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The last great battle of World War II began on Easter Sunday, April 1, 1945, when more than 184,000 began landing on the only Japanese home soil invaded during the Pacific war. The island of Okinawa was just 350 miles from mainland Japan, and the Allies planned to use it as its forward base for its invasion.
On the island, nearly 140,000 Japanese and auxiliary soldiers resisted the US-led assault with suicidal tenacity from a Gibraltar of hollowed-out, fortified hills and ridges. Under constant fire and in the rain and mud, U.S. troops fought ferociously, battered the Japanese with artillery, aerial bombing, naval gunfire, and every infantry tool. The battle also marked the apotheosis of kamikaze air attacks, which sank 36 warships, damaged 368 others and killed almost 5,000 seamen.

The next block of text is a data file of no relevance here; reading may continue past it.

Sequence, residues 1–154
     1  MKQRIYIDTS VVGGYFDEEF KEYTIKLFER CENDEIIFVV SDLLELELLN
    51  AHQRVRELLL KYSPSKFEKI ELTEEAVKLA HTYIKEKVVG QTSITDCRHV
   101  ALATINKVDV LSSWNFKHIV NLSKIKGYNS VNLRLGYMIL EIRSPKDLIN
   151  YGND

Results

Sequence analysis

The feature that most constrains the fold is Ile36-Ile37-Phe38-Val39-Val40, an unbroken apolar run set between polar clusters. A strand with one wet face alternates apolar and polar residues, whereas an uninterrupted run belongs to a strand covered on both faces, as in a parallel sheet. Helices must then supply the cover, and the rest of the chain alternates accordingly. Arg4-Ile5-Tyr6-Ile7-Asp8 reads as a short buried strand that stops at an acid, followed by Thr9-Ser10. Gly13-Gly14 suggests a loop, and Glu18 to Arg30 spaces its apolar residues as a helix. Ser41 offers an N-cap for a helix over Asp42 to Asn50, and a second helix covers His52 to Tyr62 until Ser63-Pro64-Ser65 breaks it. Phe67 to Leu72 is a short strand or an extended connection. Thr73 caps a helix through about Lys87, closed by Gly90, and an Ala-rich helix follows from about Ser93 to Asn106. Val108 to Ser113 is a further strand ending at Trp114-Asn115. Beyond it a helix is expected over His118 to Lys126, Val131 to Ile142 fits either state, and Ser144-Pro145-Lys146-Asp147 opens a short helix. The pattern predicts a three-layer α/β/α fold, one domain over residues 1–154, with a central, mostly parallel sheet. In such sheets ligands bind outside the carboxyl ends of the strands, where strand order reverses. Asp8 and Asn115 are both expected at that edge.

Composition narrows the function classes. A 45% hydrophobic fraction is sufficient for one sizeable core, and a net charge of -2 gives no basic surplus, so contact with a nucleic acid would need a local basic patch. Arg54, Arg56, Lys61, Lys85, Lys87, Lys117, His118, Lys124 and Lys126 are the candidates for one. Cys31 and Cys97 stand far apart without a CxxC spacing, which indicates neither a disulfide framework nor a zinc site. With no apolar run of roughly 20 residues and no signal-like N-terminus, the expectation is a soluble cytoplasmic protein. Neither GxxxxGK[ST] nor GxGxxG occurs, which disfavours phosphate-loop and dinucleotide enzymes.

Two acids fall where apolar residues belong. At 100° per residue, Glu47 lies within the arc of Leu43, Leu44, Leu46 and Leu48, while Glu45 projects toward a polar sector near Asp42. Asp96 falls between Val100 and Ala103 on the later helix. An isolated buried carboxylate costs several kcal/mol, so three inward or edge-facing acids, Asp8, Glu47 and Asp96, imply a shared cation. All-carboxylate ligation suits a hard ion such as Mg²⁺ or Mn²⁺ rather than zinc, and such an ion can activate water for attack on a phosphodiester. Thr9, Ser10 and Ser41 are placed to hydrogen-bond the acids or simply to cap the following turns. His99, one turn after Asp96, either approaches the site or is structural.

When the brutal slugfest ended, more than 125,00 enemy had been killed–and 7,500 American ground troops had died. And tragically, at least hundred thousand Okinawa civilians died violently while trapped between the battling armies. The Japanese had succeeded in preventing invasion, but the bloody campaign had convinced US leaders that only an atomic bomb could end the war.
Utilizing vivid accounts written by US combatants, along with previously unused Japanese sources, Joseph Wheelan brings a strong human dimension to this rich story of the war’s last great battle waged against an determined enemy and extreme conditions.